A comparative study of bemba and mambwe at phonological, morphological and lexical levels.

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Lumwanga, Chibwe Ronald.
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The University of Zambia
The close proximity of the Bemba and the Mambwe speech communities was the prime motivation of this study. The study sought to compare Bemba and Mambwe at phonological, morphological and lexical levels. The study used qualitative research design because its focus was on words rather than on numbers. The methods were exploratory and descriptive: seeking to find out the opinions, thoughts and feelings of the respondents. In this study, respondents were freely able to disclose their experiences, thoughts and feelings without constraint. Semi-structured interviews and focus-group discussions were the principal methods of collecting data. There was also some participant observation. Through focus-group discussions, the responses given earlier by the key informant were verified. All the informants are proficient in the languages under study. Collaboration of the participants has made this study a success. Two theoretical frameworks informed this study: Lexical phonology theoretical framework which was developed by Kiparsky and others in 1980s. It is an approach to phonology that shows the interaction of morphology and phonology in the word building processes. Comparative Bantu morphology and phonology theoretical framework developed by Malcom Guthrie during the period 1967-1971 was also applied. This theory is viewed from the perspective of historical definition and typological characteristics, but the focus was on the latter to contextualise this study. The typological characteristics are viewed in terms of phonology, morphology and syntax. Bantu languages are known to share these typological chaaracteristics. Anchored on these theories, the study has brought to the fore the differences and similarities between Bemba and Mambwe in phonology, morphology and the lexicon. The findings show that there are more differences than similarities in each of the three levels of linguistic analysis. By implication of the study, something should be indicated with regard to mutual intelligibility between Bemba and Mambwe. Seeing that differences and similarities have emerged, there is some degree of mutual comprehensibility between the languages under study, but this is much lower on the mutual intelligibility continuum than the 63% arrived at in a study done earlier.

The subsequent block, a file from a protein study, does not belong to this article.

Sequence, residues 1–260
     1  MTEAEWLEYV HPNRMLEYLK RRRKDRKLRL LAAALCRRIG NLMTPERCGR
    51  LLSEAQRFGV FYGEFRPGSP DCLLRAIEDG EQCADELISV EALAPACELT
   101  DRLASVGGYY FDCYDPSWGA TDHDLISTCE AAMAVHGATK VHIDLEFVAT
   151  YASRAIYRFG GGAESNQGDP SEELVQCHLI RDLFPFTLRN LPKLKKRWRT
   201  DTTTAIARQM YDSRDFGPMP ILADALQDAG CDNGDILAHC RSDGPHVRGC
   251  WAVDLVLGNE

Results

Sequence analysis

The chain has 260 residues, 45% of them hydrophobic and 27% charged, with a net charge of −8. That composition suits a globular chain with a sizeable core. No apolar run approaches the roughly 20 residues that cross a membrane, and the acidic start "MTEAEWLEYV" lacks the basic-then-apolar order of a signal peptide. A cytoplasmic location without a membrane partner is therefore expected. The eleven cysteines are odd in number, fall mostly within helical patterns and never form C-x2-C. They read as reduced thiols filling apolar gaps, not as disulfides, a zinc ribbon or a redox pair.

Thesis of Doctor of Philosophy in Linguistic science.